WEATHER – Whitsuntide 1875
Accreditation Redcar and Saltburn News 20/05/1875
WHITSUNTIDE HOLIDAY 1875
The holiday at Whitsuntide is very ancient, and has been kept up with vigour for many generations. It is a season when both young and old throw aside the cares and toils of life, and enter the merry circle of fun and frolic. Since opening the railways new fields of pleasure have been thrown open to the industrious classes, and with the advantage of cheap travelling, long and pleasant excursions can be accomplished in one day, and thousands of our hardy sons of toil, together with their families, can enjoy the exhilarating breezes of the mountain, or wander in the pleasant shades of the woody grove. On Monday last (15/05) the Cleveland district was alive with excursionists from the various parts of the country – thousands having left the busy and crowded towns to ramble by the side of the restless ocean, and gaze with wonder upon the “golden hills” which border the two sea side resorts (Redcar and Saltburn) on the south. It was a happy lovely day, and the sun’s rays beaming upon the happy throng, and casting his cheerful influence upon those who were bent on pleasure.
Everything had been done to make excursionists comfortable, and as the town is much improved as well as enlarged, there was no lack of the “good things” required on such occasions. A little after nine o’ clock in the morning the trains began to pour into the station, heavily laden with men, women, and children, and soon hundreds were seen wending their way to the sands. By noon the number of people in the town far exceeded anything ever seen here before. The “lions” of the town were visited, and various places of interest were not overlooked. The boatmen on the sands had a profitable day, while the bathing machines were kept fully employed during tide time. The donkey tribe, perhaps had the heaviest share of work, and were kept in motion from morn to night. The Redcar and Coatham Piers had their full share of patronage, and no doubt the finances of both were greatly increased. A steamboat trip to Hartlepool from Hartlepool to Redcar was very successful, and as the sea was comparatively calm, the passengers enjoyed a pleasant and refreshing sail. Peace and contentment seemed to be the ruling feature of the strangers, and everything passed off without a single instance requiring police interference. At the railway station all the trains stopped at the excursion platform, and through the excellent arrangements of railway officials nothing occurred to mar the pleasures of the day. On Tuesday (16/05) a special train from Darlington brought a large number of people, and return tickets from other places, induced a few to leave home, but the change of weather from a bright genial atmosphere on Monday to a chill and showery morning no doubt cast gloom over a large number of intending visitors.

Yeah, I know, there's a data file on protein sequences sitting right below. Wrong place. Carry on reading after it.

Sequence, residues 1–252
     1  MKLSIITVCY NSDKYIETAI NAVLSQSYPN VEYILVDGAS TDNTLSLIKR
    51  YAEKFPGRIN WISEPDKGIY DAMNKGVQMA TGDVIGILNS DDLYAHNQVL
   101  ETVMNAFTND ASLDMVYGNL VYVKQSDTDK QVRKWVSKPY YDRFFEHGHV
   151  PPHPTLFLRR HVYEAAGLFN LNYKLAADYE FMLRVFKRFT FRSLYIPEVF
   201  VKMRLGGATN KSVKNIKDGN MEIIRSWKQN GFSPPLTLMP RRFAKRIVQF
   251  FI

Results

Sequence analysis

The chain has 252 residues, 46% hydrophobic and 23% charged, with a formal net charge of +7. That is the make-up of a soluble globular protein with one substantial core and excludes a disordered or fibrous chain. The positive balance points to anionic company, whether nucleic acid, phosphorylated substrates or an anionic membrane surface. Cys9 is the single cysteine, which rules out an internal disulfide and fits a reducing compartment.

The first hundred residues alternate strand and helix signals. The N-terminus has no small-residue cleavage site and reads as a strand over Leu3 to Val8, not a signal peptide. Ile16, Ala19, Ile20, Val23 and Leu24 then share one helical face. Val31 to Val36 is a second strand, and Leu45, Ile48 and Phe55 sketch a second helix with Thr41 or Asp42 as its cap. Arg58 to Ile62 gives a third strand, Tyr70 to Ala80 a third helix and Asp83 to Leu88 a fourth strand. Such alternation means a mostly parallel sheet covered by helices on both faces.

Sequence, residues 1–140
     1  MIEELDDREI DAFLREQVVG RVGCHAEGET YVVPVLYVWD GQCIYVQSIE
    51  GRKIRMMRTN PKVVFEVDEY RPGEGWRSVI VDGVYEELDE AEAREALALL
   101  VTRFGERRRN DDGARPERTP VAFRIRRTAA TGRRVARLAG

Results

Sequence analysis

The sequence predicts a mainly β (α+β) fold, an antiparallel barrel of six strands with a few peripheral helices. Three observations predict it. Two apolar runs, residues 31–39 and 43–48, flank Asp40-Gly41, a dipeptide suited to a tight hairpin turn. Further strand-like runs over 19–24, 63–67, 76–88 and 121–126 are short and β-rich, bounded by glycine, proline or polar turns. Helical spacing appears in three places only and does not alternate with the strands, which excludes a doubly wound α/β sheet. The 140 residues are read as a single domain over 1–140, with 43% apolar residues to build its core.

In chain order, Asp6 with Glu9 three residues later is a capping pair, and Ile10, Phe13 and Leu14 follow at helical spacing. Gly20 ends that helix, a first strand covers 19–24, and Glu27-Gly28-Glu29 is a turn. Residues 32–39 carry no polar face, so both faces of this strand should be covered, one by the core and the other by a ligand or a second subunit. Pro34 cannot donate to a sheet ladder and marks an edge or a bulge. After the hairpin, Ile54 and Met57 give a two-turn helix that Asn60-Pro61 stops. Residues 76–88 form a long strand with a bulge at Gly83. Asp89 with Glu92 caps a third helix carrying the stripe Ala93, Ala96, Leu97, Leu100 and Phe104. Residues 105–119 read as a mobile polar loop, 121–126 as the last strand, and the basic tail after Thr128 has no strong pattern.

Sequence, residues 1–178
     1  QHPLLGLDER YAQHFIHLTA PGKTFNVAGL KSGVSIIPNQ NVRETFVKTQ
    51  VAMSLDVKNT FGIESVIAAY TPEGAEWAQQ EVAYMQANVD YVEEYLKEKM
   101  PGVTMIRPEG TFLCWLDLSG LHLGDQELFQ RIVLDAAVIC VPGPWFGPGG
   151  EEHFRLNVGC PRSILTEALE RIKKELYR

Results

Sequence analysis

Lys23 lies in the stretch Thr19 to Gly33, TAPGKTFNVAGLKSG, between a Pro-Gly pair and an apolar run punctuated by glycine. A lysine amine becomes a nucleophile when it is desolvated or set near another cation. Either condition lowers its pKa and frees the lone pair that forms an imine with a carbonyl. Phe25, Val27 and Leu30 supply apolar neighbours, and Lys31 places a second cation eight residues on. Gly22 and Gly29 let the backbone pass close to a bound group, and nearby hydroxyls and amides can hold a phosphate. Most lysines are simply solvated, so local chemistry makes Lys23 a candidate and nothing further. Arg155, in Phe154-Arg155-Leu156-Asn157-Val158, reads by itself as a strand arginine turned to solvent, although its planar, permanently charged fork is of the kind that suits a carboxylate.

March 24, 2013 Weather & Tides